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The University of Southampton
HistoryPart of Humanities

Dr Alastair Paynter 

Visiting academic

Dr Alastair Paynter's photo

I am interested in nineteenth-century British history, the history of politics and political culture and the role of monarchy in the modern world. I completed my BA and MA in History at the University of Southampton. This led to a PhD on the emergence of libertarian conservatism in Britain from the Second Reform Act in 1867 to the outbreak of the First World War. My thesis involved an examination of the nature of liberalism and conservatism, and of the interplay between political thought and practical politics in an era of great transformation. I used the settler colonies of Australia as a case study to examine the way political ideas were exchanged and adapted across the Anglosphere.

After receiving my PhD in 2018 I embarked on a project, funded by the Gerda Henkel Stiftung, looking at the reception of Ancient Greece in Victorian political culture. At the heart of this project was the lifelong relationship between four-time Prime Minister William Gladstone and Homer. As with other contemporary commentators on Antiquity, Gladstone brought his own political leanings to bear upon the way the Homeric world was interpreted, as ancient history was mediated through present political debates. One of the points of contention in nineteenth-century Homeric political debate was the nature of kingship and its relation to the other two constituent parts of the Homeric polity: the council and the assembly. These particular questions relate to broader, more perennial themes of political thought, such as the relationship between monarchy, aristocracy and democracy.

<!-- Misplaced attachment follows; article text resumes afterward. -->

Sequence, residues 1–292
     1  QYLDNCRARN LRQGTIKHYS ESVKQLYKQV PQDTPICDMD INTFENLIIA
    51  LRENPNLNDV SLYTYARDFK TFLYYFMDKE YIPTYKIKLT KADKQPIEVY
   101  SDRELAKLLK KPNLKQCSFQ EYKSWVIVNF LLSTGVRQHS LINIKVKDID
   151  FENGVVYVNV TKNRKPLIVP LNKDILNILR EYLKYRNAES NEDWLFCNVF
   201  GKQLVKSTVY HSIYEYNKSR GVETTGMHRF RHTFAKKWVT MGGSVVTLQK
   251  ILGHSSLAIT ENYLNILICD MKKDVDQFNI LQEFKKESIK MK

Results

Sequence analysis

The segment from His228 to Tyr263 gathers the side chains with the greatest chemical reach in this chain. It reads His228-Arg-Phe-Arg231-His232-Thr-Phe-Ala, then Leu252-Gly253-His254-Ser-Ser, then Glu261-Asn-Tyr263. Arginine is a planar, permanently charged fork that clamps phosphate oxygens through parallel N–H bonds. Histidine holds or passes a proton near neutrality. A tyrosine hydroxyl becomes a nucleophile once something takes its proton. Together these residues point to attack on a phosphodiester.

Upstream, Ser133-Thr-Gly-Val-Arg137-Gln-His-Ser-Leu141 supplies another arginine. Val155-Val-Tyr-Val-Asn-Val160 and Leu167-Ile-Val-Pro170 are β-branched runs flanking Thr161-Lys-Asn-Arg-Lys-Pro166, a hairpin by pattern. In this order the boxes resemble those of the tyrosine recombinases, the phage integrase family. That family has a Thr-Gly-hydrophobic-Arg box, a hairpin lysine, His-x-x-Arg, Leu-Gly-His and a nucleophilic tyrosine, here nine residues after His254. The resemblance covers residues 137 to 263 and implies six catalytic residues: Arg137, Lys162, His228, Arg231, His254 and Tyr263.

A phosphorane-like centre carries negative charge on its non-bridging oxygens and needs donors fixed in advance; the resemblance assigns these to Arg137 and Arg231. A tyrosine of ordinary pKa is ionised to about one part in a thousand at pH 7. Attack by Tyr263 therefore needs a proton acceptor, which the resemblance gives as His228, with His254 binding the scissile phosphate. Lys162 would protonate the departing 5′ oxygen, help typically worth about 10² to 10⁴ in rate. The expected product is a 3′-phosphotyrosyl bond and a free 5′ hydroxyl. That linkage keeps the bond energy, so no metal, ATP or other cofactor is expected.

Presently, I am especially interested in the relationship between these themes in the modern world and how the history of monarchy informs its continuing role today, with a special focus on the Principality of Liechtenstein.

In 2020 I was awarded a grant by the Fürst Franz Josef von Liechtenstein Stiftung for a project seeking to analyse the role of the monarchy in the Liechtenstein constitution. Although one of the smallest states in the world, Liechtenstein is also one of the most stable and prosperous. It is also unique among both historical and existing states in that its constitution (written in 1921 and updated in 2003) balances an active monarchy, parliament and direct democracy.

In Liechtenstein sovereignty is vested in both the monarch and the people. Unlike most modern Western monarchies, the monarchy of Liechtenstein possesses and exercises considerable power. In 2003, in response to a proposed update to the constitution presented by Prince Hans-Adam II, the people voted via a referendum to extend the powers of the monarch.

The Prince is able to veto legislation, dismiss any government or minister at will and appoint judges. However, the people possess significant democratic power through frequent referendums and the popular initiative and are now able to vote for the abolition of the monarchy, if they so choose. Liechtenstein sheds important light on the relationship between monarchy and democracy, a matter of enduring and global importance. This project overlaps a number of fields and disciplines, including history, politics, philosophy and law, and is conducted in collaboration with Dr Craig Prescott of the University of Bangor.

Dr Alastair Paynter
Student Office, Building 65, Faculty of Arts and Humanities, University of Southampton, Avenue Campus, Southampton. SO17 1BF United Kingdom

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